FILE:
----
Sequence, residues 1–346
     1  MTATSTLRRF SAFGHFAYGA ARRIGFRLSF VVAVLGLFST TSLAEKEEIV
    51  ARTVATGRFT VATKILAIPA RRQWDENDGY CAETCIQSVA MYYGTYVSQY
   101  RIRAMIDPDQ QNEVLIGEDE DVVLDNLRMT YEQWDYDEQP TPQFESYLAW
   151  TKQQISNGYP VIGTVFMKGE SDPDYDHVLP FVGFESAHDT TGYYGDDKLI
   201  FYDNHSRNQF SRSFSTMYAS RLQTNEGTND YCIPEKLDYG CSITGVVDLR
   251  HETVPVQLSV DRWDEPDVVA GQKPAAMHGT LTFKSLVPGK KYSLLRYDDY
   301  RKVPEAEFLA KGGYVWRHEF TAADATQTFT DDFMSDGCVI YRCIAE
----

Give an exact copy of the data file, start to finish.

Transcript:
Sequence, residues 1–346
     1  MTATSTLRRF SAFGHFAYGA ARRIGFRLSF VVAVLGLFST TSLAEKEEIV
    51  ARTVATGRFT VATKILAIPA RRQWDENDGY CAETCIQSVA MYYGTYVSQY
   101  RIRAMIDPDQ QNEVLIGEDE DVVLDNLRMT YEQWDYDEQP TPQFESYLAW
   151  TKQQISNGYP VIGTVFMKGE SDPDYDHVLP FVGFESAHDT TGYYGDDKLI
   201  FYDNHSRNQF SRSFSTMYAS RLQTNEGTND YCIPEKLDYG CSITGVVDLR
   251  HETVPVQLSV DRWDEPDVVA GQKPAAMHGT LTFKSLVPGK KYSLLRYDDY
   301  RKVPEAEFLA KGGYVWRHEF TAADATQTFT DDFMSDGCVI YRCIAE